“Even when things are bad I feel okay with it,” he said. “Really for the first time in my life everything is good. Even when it’s not.”

Ace Boggess will be at Taylor Books on Capitol St. this Friday at 6 p.m. to sign copies of his book “The Prisoners.” He also will read some of his poems beginning about 7 p.m.

Zac Jones to fight in Rough ‘n’ Rowdy Brawl

This story was originally published Jan. 9, 2014 in the Charleston Daily Mail. It won “Best Lifestyles Feature” at the 2015 West Virginia Press Association Awards.

Fists wrapped and gloves tied, tomorrow night Zac Jones, the often-troubled son of Charleston mayor Danny Jones, will duck through the ropes at the Charleston Civic Center for his first ever boxing match.

He’s been training for months, running, lifting weights and learning the fundamentals of the sport from his coach at the Martin Luther King Jr. Center.

“I’m not nervous now,” he said. “I’m sure it will change by the time the event comes around, when I step into the ring with thousands of people watching.”

Jones, 24, is among the dozens of men and women signed up to fight in this year’s Rough N’ Rowdy amateur boxing contest, which begins Friday night.

He initially signed up because he needs the money.

The winner of each weight division gets $1,000, a substantial sum when you’re working two low-paying restaurant jobs to make ends meet.

But over the last month, Jones became more sincere in his training. He doesn’t know if he’ll win, but he believes there’s a chance.

And if he loses . . . well, he’s been there before.

This is Jones’ first boxing match, but it’s not his first fight.

And while thousands will see him step into the ring, millions were watching the last time he went to the mat.

This time, Zac Jones is fighting for $1,000, a championship jacket and a trophy.

Last time, he was fighting for his life.

* * *

It was 6:30 on a chilly March morning, and Jones was speeding down Interstate 77 in a white Mazda 3 with Moldavian Harris, 24, of Detroit.

Metro Drug Unit Detective O.B. Morris spotted the car, followed it off the Washington Street exit and turned on his blue lights.

Mayor Danny Jones had informed Charleston Police of his son’s whereabouts so he could be arrested.

Officers found 25.7 grams of cocaine in the vehicle. Jones and Harris were charged with possession with intent to deliver cocaine. A judge set their bonds at $25,000 cash. The mayor refused to pay his son’s bail.

National media outlets picked up the story after the elder Jones released a heartbroken statement declaring his son a “hopeless drug addict.” He said he was thankful for Zac’s arrest.

“If in jail or prison, I know that Zac has a better chance at living than on the outside. This is because Zac is a hopeless drug addict who has broken the heart and the will of everyone and anyone who has tried to help him,” he wrote.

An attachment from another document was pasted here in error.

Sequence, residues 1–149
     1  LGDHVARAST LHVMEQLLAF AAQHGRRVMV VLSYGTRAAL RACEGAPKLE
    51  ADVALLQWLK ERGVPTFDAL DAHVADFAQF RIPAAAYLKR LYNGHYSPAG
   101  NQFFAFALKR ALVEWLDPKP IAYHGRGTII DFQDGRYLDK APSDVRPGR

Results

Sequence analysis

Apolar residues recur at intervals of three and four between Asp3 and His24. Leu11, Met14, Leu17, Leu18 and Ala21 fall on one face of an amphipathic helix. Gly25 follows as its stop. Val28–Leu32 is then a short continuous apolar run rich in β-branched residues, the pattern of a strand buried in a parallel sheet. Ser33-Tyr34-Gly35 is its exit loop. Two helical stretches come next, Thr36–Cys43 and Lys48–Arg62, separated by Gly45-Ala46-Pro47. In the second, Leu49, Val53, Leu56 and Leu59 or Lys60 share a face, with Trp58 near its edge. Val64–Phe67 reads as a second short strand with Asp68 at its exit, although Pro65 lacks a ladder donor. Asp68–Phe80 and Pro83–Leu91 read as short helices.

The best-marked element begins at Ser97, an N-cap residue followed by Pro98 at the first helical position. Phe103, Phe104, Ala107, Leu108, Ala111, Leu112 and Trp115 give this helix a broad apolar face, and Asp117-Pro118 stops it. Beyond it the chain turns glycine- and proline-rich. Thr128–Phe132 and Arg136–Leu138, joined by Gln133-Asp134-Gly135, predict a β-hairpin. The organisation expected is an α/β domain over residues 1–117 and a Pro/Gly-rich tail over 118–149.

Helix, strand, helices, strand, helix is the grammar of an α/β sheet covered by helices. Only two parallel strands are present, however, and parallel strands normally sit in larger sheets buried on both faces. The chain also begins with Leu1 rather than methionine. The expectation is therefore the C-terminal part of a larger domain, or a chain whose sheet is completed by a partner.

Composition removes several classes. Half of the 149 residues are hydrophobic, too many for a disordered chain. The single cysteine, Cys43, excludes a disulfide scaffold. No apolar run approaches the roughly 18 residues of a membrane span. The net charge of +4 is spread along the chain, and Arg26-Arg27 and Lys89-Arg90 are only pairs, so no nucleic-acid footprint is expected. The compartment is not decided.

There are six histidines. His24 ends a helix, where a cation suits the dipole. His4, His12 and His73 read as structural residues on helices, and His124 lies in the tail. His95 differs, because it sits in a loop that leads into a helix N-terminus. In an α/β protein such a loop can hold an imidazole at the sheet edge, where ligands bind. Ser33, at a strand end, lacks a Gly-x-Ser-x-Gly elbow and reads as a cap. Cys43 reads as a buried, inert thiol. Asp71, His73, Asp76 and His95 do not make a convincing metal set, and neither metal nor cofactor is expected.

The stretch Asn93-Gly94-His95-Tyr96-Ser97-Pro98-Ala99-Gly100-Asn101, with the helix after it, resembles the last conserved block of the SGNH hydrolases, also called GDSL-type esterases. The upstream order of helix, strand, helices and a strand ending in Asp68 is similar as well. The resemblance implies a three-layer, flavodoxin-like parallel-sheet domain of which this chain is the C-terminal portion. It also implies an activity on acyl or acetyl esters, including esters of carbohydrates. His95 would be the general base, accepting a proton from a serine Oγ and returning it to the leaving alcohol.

The stories all mentioned the younger Jones’ previous run-ins with police, a 2008 DUI arrest and a 2011 bust for heroin possession.

No one knew his struggles with substance abuse had started much earlier.

“I always felt I was different. I think I was born with this disease of addiction,” he said.

He began smoking marijuana at age 12, a year before his father was elected mayor.

“There was something just attractive about it. I don’t know if that makes sense to somebody that’s normal,” he said.

Things got worse as he got older. Jones estimates he got high every single day from the time he was 14 until his first stint in rehab at age 20.

He got his first taste of painkillers at age 16, after breaking his feet in a skateboarding accident. He began abusing Vicodin before moving onto Oxycontin, which eventually led to heroin.

“The opiates are where I really found what I was looking for,” he said. “Cocaine was always in there, too.”

He was arrested for the first time in 2008, after crashing his car in South Hills.

Jones, just 18 at the time, ran from the scene. Police found him a short time later in wet and dirty clothes. His blood alcohol content was 0.122.

At age 20, he decided to get clean. He was spending all his money on drugs while his bills and rent were falling behind.

“I could tell I had a problem,” he said.

His father sent him to a rehabilitation facility in California, where he successfully kicked his habits and graduated the program. The sobriety only lasted a few months, however.

Jones had hoped rehab would cure his addiction to “heavy” drugs, but wasn’t ready to give up alcohol.

“I was 20 years old. I wanted to drink,” he said.